Home is where we park it... travel blog

Turkey running wild on the way in the park and gobble, gobbling...

Hey, who are you looking at?

This Bull snake got caught in the mesh that was laid down...

The ridge

View of the valley below the caves

Pictograph Cave

This is what was once on the wall of the cave...best guess

Ghost Cave...notice the unusual rock formation in the sandstone

The cave in the distance

Another picture of the cave wall

Write up at the cave wall....left side

and the right side

Lots of swallow nests

Lunch

Great dead tree

Pretty little flower home to happy bugs

J.K. Ralston's Studio

All about Mr. Ralston

Curious wild painted horse

Western Heritage Center (Parmly Library)

Statue of Frederick Billings

Awesome relief done in a hardwood

This was having on the wall in the bathroom...LOL

This is an old photo of what the library looked like in...


Today's adventure was visiting the Pictograph Caves State Park and old downtown Billings. This city is much larger than we thought and is set in a large gorge of the Yellowstone River Valley. If fact, as we approached the city from the west we were driving on a high bluff and had a spectacular view of Billings spread out below. Billings was named after Frederck Billings the former president of the Northern Pacific Railroad.

The Pictograph Caves State Park is a day use only park. Not very big. The pictographs themselves are very faded to the point of almost being non-existent. The park service has added some marking to indicate what was once on the walls of the cave. There is a nice handout describing the life and times of the indians that once inhabited and made the pictographs. There is also a dotted line indicating the level of how much has been excavated. The information about the pictographs is very interesting. What is really fascinating is the geology of the area. The caves are sandstone. The part of the Yellow River Vallley was once a shallow sea. When you look at the rimrock there are boulder like protrusions that dot one line along the entire ridge. They are located about 1/3 of the way up the ridge. These boulders must be 5 to 10 feet in diameter. Very curious. It was a pretty nice day, a little warm and humid. Possible thundershowers are forecast for later. We had a nice, short hike and some lunch under the trees.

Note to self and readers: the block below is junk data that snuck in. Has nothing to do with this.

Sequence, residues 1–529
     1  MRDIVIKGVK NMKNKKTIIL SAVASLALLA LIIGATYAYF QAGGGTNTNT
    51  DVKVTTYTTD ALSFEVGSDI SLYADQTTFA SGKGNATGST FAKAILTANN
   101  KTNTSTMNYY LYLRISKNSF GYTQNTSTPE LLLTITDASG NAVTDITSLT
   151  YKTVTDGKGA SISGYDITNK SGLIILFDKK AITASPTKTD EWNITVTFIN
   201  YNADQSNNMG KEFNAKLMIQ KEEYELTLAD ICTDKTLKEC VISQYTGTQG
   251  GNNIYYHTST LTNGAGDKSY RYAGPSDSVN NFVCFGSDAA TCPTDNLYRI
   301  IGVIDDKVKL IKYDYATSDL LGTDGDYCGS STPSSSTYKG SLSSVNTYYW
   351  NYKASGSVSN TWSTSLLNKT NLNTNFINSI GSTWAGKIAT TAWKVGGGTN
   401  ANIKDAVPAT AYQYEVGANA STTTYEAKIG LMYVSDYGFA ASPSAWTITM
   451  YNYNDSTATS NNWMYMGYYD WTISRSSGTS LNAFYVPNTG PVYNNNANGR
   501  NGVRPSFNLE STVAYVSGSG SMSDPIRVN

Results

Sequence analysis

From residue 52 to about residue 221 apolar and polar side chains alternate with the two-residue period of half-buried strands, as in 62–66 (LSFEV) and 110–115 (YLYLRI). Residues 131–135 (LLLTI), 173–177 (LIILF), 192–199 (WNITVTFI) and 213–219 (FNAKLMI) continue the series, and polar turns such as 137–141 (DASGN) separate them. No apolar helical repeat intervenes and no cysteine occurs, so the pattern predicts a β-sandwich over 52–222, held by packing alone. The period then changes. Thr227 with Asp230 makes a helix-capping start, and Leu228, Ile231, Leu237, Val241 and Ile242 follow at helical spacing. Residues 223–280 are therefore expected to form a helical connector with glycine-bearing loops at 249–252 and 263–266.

Old downtown Billings has many period buildings. A lot of them are empty. There is a great building that was once the Parmly Billings Library which is now the Western Heritage Center. We visited this center hoping to find more information about the geology of the area. We were told that going Yellowstone, WY would provide more geological information and museums. That is scheduled for a few years from now.

The studio of J.K. Ralston is another western artist. It sits right next to the museum. He used this studio for 40 years. He has some nice pieces, but I still prefer the works of Charles Russell.



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